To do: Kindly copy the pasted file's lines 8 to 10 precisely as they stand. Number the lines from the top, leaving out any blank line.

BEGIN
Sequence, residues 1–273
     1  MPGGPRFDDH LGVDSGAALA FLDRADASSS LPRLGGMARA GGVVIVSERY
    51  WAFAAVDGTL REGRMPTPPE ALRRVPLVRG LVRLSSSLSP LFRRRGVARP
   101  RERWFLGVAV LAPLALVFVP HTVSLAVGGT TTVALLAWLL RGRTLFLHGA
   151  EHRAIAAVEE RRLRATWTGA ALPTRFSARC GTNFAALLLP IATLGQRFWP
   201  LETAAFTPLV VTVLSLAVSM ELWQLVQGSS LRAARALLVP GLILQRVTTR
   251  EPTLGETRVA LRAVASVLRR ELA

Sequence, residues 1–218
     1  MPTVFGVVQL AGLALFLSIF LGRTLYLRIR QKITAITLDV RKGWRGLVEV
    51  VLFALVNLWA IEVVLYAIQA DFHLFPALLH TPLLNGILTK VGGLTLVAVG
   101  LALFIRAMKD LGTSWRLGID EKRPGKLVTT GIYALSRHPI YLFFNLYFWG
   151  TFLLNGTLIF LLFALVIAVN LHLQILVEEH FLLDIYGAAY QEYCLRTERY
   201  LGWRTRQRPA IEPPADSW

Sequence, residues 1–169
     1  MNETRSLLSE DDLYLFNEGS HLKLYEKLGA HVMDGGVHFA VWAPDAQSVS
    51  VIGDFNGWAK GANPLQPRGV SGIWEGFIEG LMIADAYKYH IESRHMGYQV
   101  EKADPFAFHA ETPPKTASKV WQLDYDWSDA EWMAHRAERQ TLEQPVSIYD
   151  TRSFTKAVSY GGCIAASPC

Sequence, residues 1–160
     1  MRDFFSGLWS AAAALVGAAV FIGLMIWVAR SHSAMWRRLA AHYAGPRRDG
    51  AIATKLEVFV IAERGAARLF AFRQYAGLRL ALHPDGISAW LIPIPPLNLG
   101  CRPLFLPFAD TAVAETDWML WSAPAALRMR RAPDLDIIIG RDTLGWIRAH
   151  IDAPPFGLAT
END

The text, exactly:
Sequence, residues 1–218
     1  MPTVFGVVQL AGLALFLSIF LGRTLYLRIR QKITAITLDV RKGWRGLVEV
    51  VLFALVNLWA IEVVLYAIQA DFHLFPALLH TPLLNGILTK VGGLTLVAVG